nep-gth New Economics Papers
on Game Theory
Issue of 2018‒05‒28
fifteen papers chosen by
Sylvain Béal
Université de Franche-Comté

  1. Monotonicity and weighted prenucleoli: A characterization without consistency By Calleja, Pedro; Llerena, Francesc; Sudhölter, Peter
  2. Existence of justifiable equilibrium By Flesch, Janos; Vermeulen, Dries; Zseleva, Anna
  3. Collective Incentives and Cooperation in Teams with Imperfect Monitoring By Mengel, Friederike; Mohlin , Erik; Weidenholzer, Simon
  4. Reciprocity Reciprocity in Climate Coalition Formationin Climate Coalition Formation By Lin, Yu-Hsuan
  5. Strict Fairness of Equilibria in Mixed and Asymmetric Information Economies By Chiara Donnini; Maria Laura Pesce
  6. Relational Contracting, Negotiation, and External Enforcement By Miller, David; Olsen, Trond E.; Watson, Joel
  7. Is fairness intuitive? An experiment accounting for subjective utility differences under time pressure By Merkel, Anna; Lohse, Johannes
  8. Evaluating Trust and Trustworthiness in Social Groups and Networks By O'Higgins, Niall; Mazzoni, Clelia; Sbriglia, Patrizia
  9. Group Targeting under Networked Synergies By Mohamed Belhaj; Frédéric Deroïan
  10. International Environmental Agreements - Stability with Transfers among Countries By Effrosyni Diamantousi; Eftichios Sartzetakis; Stefania Strantza
  11. Polarization or Moderation? Intra-group heterogeneity in endogenous-policy contest By Daniel Cardona; Jenny De Freitas; Antoni Rubí-Barceló
  12. Unobserved Heterogeneity in Auctions under Restricted Stochastic Dominance By Yao Luo
  13. Simulation and Evaluation of Zonal Electricity Market Designs By Hesamzadeh, M.; Holmberg, P.; Sarfati, M.
  14. A Dynamic Analysis of Nash Equilibria in Search Models with Fiat Money By Federico Bonetto; Maurizio Iacopetta
  15. Compensation Schemes for Learning a Lingua Franca in the European Union By Victor Ginsburgh; Juan D. Moreno-Ternero

  1. By: Calleja, Pedro (Departament de Matematica Economica, Financera i Actuarial); Llerena, Francesc (Departament de Gestió d'Empreses); Sudhölter, Peter (Department of Business and Economics)
    Abstract: A solution on a set of transferable utility (TU) games satisfies strong aggregate monotonicity (SAM) if every player can improve when the grand coalition becomes richer. It satisfies equal surplus division (ESD) if the solution allows the players to improve equally. We show that the set of weight systems generating weighted prenucleoli that satisfy SAM is open which implies that for weight systems close enough to any regular system the weighted prenucleolus satisfies SAM. We also provide a necessary condition for SAM for symmetrically weighted nucleoli. Moreover, we show that the per capita nucleolus on balanced games is characterized by single-valuedness (SIVA), translation and scale covariance (COV), and equal adjusted surplus division (EASD), a property that is comparable but stronger than ESD. These properties together with ESD characterize the per capita prenucleolus on larger sets of TU games. EASD and ESD can be transformed to independence of (adjusted) proportional shifting and these properties may be generalized for arbitrary weight systems p to I(A)Sp. We show that the p-weighted prenucleolus on the set of balanced TU games is characterized by SIVA, COV, and IASp; and on larger sets by additionally requiring ISp.
    Keywords: TU games; weighted prenucleolus; equal surplus division
    JEL: C71
    Date: 2018–05–17
  2. By: Flesch, Janos (QE / Mathematical economics and game the); Vermeulen, Dries (QE / Operations research); Zseleva, Anna (higher school of economics, saint petersburg)
    Abstract: We present a general existence result for a type of equilibrium in normal-form games. We consider nonzero-sum normal-form games with an arbitrary number of players and arbitrary action spaces. We impose merely one condition: the payoff function of each player is bounded. We allow players to use finitely additive probability measures as mixed strategies. Since we do not assume any measurability conditions, for a given strategy profile the expected payoff is generally not uniquely defined, and integration theory only provides an upper bound, the upper integral, and a lower bound, the lower integral. A strategy profile is called a justifiable equilibrium if each player evaluates this profile by the upper integral, and each player evaluates all his possible deviations by the lower integral. We show that a justifiable equilibrium always exists. Our equilibrium concept and existence result are motivated by Vasquez (2017), who defines a conceptually related equilibrium notion, and shows its existence under the conditions of finitely many players, separable metric action spaces and bounded Borel measurable payoff functions. Our proof borrows several ideas from Vasquez (2017), but is more direct as it does not make use of countably additive representations of finitely additive measures by Yosida and Hewitt (1952).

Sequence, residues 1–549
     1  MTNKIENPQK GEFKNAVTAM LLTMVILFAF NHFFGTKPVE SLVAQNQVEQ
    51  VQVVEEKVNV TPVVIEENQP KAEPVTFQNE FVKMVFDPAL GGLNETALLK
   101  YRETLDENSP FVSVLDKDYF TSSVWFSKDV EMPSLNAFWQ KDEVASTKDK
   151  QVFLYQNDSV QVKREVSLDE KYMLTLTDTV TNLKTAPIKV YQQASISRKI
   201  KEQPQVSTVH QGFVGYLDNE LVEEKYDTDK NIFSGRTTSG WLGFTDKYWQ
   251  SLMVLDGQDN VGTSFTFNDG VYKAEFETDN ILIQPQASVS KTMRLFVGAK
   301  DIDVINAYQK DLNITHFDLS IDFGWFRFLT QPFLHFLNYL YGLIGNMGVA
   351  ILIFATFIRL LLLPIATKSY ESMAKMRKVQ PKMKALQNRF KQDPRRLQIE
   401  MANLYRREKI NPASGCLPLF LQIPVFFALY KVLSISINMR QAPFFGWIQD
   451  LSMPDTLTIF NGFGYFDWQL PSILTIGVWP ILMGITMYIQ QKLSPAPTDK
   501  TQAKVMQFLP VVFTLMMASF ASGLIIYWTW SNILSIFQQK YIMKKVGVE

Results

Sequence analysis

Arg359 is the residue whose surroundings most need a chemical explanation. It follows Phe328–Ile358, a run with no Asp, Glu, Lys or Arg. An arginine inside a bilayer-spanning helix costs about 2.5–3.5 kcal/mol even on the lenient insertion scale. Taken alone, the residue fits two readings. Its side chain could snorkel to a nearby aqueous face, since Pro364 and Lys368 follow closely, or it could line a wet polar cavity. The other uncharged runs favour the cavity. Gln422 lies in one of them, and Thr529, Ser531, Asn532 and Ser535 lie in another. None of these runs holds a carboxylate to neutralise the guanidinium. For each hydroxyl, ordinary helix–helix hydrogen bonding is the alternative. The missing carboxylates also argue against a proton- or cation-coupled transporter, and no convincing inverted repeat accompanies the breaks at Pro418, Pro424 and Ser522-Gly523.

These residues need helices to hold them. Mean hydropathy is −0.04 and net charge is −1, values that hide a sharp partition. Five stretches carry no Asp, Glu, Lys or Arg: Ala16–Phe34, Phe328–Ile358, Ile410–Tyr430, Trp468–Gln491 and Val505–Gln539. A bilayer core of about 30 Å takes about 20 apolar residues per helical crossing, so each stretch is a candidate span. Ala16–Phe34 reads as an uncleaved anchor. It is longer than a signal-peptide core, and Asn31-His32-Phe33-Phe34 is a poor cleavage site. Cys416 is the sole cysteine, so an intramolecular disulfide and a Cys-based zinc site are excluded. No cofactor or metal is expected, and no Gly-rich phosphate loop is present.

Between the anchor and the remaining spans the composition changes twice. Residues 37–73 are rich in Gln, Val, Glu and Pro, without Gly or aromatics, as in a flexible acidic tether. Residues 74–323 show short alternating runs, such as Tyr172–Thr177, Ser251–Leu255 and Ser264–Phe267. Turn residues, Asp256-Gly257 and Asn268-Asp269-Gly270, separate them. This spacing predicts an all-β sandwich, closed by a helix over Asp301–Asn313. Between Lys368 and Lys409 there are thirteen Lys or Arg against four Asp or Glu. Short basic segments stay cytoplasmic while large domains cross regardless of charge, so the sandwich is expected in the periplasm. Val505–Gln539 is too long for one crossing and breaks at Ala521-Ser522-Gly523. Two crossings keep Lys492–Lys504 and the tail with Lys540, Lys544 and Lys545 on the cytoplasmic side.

JEL: C72
    Date: 2018–05–17
  3. By: Mengel, Friederike (Department of Economics, University of Essex); Mohlin , Erik (Department of Economics, Lund University); Weidenholzer, Simon (Department of Economics, University of Essex)
    Abstract: We experimentally explore the role of collective incentives in sustaining cooperation in finitely repeated public goods games with imperfect monitoring. In our experiment players only observe noisy signals about individual contributions, while total output is perfectly observed. We consider sanctioning mechanisms that allow agents to commit to collective punishment in case total output fall short of a target. We find that cooperation is higher in the case of collective punishment compared to both the case of no punishment and the case of standard peer-to-peer punishment which conditions on the noisy signals. Further experiments indicate that both the commitment possibility and the collective nature of punishment matter for the positive effect of collective incentives on cooperation.
    Keywords: Public goods game; Team production; Punishment; Collective sanctions; Imperfect monitoring
    JEL: C72 D02 D23 D90
    Date: 2018–05–19
  4. By: Lin, Yu-Hsuan
    Abstract: This study investigates the impact of reciprocal altruistic attitudes on individual willingness to participate in a climate coalition with experimental evidences. The theoretical result suggested that the scope of the coalition’s formation could be enlarged by the participation of altruists. However, we found that a kind participant in the altruism test could behave unkindly to others in the public good game. Considering attitudes against reciprocal altruism, when participants thought they were being treated badly, they were more likely to join a coalition because of the threat of punishment. In contrast, when participants were noncritical to a coalition, such altruistic attitudes were insignificant to their decisions. This result implies that decisions in international conventions are not self-enforced. Overall, this study reveals that self-interest remains the key factor influencing individual participation in climate coalitions. Coalition formation can also be affected by reciprocal altruistic preferences.